Skip to main content

Vice Admiral William S. Sims, Commander, United States Naval Forces Operating in European Waters, to Admiral William S. Benson, Chief of Naval Operations

C O P Y.

Cablegram sent Opnav, Sept. 14, 1918.

4845.     Decisions and recommendations Allied Naval Council other than in regard to mining, are contained in this cable.1

          Italian Representative stated that measures for reinforcing Italian land forces in Albania were proving effective, and there was no reason for disquietude regarding the situation at Malakastra and Valona.2

          Council agreed that of thirtyone Nuites [i.e., United] States destroyers expected in European waters by Jan. 1st, 1919, ten should be allocated to Gibralter and ten to Brest, if United States regarded such disposition necessary. Disposition of remaining eleven is to be discussed at a later meeting of the Council, at which it is probable strong representations will be made to secure an addition to the Allied fleet in the Aegean Sea, as it is stated that that force is now insufficiently supplied with destroyers and light cruisers.

          Necessity of improved intelligence service at Constantinople was recognized and Council desired that two directors of Naval Intelligence of France, Great Britain and Italy concert such measures as might be found possible to this end. United States was not formally requested to participate, but any assistance that could be given would be appreciated.

          Council desires Naval Attaches in Spain to consider what arrangements can best be made to facilitate collection and transmission of information regarding enemy submarines off Spanish ports or coasts. I will direct United States Naval Attache Madrid,3 to consider this matter, and I request the Department to give him instructions. Council recorded opinion that cooperation of Allied Naval Forces in capture of Archangel4 and since, and has been most satisfactory and desire the several Admiralties to inform Rear-Admiral commanding and the respective senior Naval Officers accordingly.5 I request Department transmit commendatory message to Commanding Officer, U.S.S. OLYMPIA.6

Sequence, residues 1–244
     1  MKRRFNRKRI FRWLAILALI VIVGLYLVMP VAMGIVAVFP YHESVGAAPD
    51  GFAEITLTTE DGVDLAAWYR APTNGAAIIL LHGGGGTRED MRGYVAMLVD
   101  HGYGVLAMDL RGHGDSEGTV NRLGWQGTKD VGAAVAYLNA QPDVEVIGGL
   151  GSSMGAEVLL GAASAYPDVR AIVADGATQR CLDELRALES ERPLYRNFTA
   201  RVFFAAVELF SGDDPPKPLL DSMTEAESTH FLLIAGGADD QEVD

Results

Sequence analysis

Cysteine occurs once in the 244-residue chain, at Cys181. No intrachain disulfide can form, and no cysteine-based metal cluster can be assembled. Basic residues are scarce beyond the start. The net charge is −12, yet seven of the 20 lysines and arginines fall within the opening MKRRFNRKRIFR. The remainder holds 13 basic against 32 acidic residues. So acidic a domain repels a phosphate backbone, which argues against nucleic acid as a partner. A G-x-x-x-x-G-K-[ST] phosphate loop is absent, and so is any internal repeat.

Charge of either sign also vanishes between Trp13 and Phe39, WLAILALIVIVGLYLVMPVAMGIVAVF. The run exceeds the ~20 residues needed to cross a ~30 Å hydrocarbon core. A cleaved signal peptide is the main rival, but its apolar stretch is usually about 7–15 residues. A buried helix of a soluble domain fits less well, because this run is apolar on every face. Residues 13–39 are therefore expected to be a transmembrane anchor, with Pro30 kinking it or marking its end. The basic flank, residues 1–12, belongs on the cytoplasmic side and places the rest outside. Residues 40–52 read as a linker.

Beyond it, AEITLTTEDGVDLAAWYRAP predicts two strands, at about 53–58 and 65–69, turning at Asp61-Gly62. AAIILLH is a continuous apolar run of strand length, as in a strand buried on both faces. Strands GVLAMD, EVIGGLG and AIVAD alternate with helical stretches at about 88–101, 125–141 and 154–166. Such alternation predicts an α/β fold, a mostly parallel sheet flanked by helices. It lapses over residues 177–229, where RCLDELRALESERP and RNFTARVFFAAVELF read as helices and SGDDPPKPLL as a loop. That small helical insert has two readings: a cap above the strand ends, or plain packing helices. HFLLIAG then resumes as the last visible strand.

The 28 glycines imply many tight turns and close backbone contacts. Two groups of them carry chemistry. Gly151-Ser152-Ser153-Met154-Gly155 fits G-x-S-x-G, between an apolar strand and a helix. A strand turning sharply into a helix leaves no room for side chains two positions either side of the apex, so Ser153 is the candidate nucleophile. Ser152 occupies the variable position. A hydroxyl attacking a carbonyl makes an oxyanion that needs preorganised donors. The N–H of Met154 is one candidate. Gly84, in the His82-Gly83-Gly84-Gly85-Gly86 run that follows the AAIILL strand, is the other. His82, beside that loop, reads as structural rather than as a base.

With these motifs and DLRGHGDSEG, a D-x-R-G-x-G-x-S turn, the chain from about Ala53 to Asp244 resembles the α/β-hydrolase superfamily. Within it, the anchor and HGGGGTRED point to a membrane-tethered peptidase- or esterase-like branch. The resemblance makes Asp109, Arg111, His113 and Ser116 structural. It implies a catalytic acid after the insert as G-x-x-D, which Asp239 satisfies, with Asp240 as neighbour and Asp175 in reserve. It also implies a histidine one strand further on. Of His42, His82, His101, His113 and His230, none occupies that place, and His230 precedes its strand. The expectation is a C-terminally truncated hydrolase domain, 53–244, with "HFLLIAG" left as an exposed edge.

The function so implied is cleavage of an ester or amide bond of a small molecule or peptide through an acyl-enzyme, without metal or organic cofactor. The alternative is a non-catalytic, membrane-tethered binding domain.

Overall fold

Council was informed of my request for fifty additional sub chasers and agreed that thirtysix of these were needed and could be advantageously employed in Italian waters, either in the mobile barrage of the Otranto Straits or on the East coast of Sicily where submarines are very active. I renew my recommendations made in my cablegram No. 43117 that these chasers be dispatched to European forces in addition to the forty-two required to complete the original allotment. Not only can they be advantageously employed in the indicated locality, but their assignment will be particularly pleasing to the Italian Authorities, who feel that their requests for assistance usually receive scant consideration.8

S I M S. 

Source Note: Cy, DNA, RG 45, Entry 517B.

Footnote 1: The fifty meeting of the Allied Naval Council took place 13 and 14 September 1918. Trask, Captains & Cabinets: 519.

Footnote 2: On the Austrian counter-offensive that threatened to capture the Malakastra heights and threaten the port city of Valona and the politics involved in Allied decisions concerning operations there, see Halpern, Naval War in the Mediterranean: 515-18.

Footnote 3: Capt. Walter S. Crosley.

Footnote 4: The Allied force moved to the Russian city of Archangel to support an anti-Bolshevik coup staged by Czarists. While the Russians established a government there, for all intents and purposes it was the allies, in the person of British Maj. Gen. Frederick C. Poole who ran things. For a full account of the operation and the role the U.S. Navy played in it see Henry P. Beers, US Naval forces in Northern Russia (Archangel and Murmansk), 1918-1919.

Footnote 5: The naval contingent was commanded by British RAdm. Thomas W. Kemp, R.N.

Footnote 6: Capt. Bion B. Bierer.

Footnote 8: Historian David Trask discusses Sims’ request and notes that the Navy Department agreed to it in Trask, Captains & Cabinets: 280-81.